Increment Value=((f ref /f out)−1)*2n

    • where fref=Reference clock (103) frequency
      • fout=Output (110) frequency
      • n=Number of bits in the accumulator math.

Table 1 shows sample calculations for an example where the high speed reference clock (103) is 1000 MHz, and the desired output RF frequency is 734.313739 MHz and n=12. Using these numbers in the frequency setting equation yields an increment value (101) of 1482. This increment value is added each high speed reference clock (103) cycle to the accumulator to produce a new accumulator value.

The second equation controls the duty cycle of the output. As shown in FIG. 5, there are separate blocks to control the rising edge delay (a) and the falling edge delay (b). To accomplish a fixed duty cycle, the increment values 101 a and 101 b must be the same and the initial start up values 111 a and 111 b in the accumulator must be set to provide for the desired fixed delay between them. The equation for the initializing value 111 b assuming the initializing value for 111 a to be zero is as follows:
Initializing Value (111 b assuming 111 a is 0)=(f ref /f out)*2n*(p/100)

    • where fref=Reference clock (103) frequency
      • fout=Output (110) frequency
      • n=Number of bits in the accumulator math
      • p=Percentage duty cycle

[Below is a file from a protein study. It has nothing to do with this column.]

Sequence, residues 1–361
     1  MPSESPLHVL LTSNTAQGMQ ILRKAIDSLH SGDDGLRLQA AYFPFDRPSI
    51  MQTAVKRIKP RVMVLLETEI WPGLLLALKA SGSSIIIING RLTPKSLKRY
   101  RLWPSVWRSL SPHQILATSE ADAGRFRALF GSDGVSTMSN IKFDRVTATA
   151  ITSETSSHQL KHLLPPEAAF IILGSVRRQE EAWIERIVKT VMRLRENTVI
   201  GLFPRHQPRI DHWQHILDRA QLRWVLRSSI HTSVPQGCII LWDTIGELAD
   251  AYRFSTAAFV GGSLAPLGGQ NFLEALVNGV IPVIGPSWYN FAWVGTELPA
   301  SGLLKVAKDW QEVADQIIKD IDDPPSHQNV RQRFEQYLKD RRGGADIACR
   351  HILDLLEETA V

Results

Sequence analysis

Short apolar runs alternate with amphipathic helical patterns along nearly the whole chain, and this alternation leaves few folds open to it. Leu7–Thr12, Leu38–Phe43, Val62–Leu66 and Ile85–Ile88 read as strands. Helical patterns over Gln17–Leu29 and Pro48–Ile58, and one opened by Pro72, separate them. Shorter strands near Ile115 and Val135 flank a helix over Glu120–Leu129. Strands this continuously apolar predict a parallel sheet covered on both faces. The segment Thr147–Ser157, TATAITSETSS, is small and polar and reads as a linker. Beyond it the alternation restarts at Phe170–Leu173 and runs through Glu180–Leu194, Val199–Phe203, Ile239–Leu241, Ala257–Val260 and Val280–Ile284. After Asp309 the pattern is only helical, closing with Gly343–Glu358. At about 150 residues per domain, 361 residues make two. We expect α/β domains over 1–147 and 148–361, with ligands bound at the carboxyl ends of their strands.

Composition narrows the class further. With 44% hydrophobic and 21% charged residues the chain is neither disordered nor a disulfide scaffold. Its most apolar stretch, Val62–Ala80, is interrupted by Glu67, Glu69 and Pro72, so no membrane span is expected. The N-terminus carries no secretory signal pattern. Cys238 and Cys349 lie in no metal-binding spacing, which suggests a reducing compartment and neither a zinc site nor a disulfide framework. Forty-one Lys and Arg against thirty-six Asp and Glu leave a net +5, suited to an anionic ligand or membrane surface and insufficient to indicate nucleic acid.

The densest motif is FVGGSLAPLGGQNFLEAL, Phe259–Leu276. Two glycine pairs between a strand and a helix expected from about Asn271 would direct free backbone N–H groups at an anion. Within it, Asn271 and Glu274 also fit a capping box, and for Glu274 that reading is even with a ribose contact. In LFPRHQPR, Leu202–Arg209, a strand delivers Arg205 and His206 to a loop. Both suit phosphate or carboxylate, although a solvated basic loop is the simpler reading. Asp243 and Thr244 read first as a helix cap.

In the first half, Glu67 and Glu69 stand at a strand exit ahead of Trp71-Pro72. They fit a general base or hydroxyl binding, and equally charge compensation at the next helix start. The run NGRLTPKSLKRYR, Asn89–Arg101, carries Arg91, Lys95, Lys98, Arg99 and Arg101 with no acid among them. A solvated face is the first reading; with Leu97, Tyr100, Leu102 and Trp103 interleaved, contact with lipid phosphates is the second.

For the example shown in Table 1, for duty cycle p=50%, the initializing value 111 b is calculated to be 2789. Table 1 illustrates that the adder/accumulator 102 a starts at 0 and increments 1482 at every rising edge of the reference clock. At the same time adder/accumulator 102 b starts at 2789 and increments 1482 every rising edge of the reference edge. The phase modulation required is added in the modulation adder 120. When the modulation adder 120 overflows and produces a carry out due to the math addition, an input pulse edge must be ignored or “swallowed”. This corresponds to phase wraparound, i.e. the phase shift has reached 360 degrees and must be set to 0 degrees. In the present invention, 2^n is calibrated to equal 360 degrees of the reference clock input 103. This calibration is performed in the LUT 105 by a simple mapping of input control bits to desired control lines. The filling of the LUT 105 to perform this requirement would be well understood by those skilled in the art. The LUTs 105 can be implemented using a read only memory or with a microprocessor. When the accumulator 102 or modulation adder 120 overflows due to an addition it indicates a greater than 360 degree delay requirement. This delay is implemented by using the next clock edge rather than delaying from the original clock edge. This allows the programmable delay line 106 to act as a delay line with endless delay capability. For example if the accumulator is using 12 bit math then 360 degrees is equal to 2^12 or 4096. In the example shown in Table 1, the accumulator overflows to 4446, which means the overflow bits are set to a value of 1 and accumulator value goes to 4446-4096=350. Assuming that there is no required modulation, the modulation adder will add zero phase delay to the accumulator value. The circuit implements the requirement for this value of phase delay in two parts. It activates the pulse swallow circuit to ignore one clock edge, and sets the programmable delay to 350 which completes the rest of the delay requirement. This unique feature means that any quantity of overflow bits could be handled. If the addition of the increment value 101 to the accumulator value 102 or the addition of modulation value causes, for example, two overflow bits, then the pulse swallow circuit 104 would ignore or “swallow” 2 pulses. In this way it is possible to synthesis very low frequencies 108 from the high speed clock reference 103. The delay required to achieve this is limited to one cycle at the high speed reference clock rate. Furthermore, the accuracy of the timing and jitter is excellent, as the time is always relative to the closest edge of the high speed clock reference 103. The output signal phase noise is not controlled by the loop bandwidth nor the phase noise characteristics of the voltage controlled oscillators applied in traditional methods. Instead, the phase noise performance is directly linked to the high speed reference. This reduces both the jitter and phase noise of the synthesized RF output 108. The delayed edge from the programmable delay 106 a sets the output RF high 108 by enabling a set-reset flip flop 107. When the delayed edge from the programmable delay 106 b reaches the flip flop, it resets the flip flop 107 and causes the RF output 108 to go low. This completes the synthesis of the RF output 108 at the preferred 50% duty cycle rate.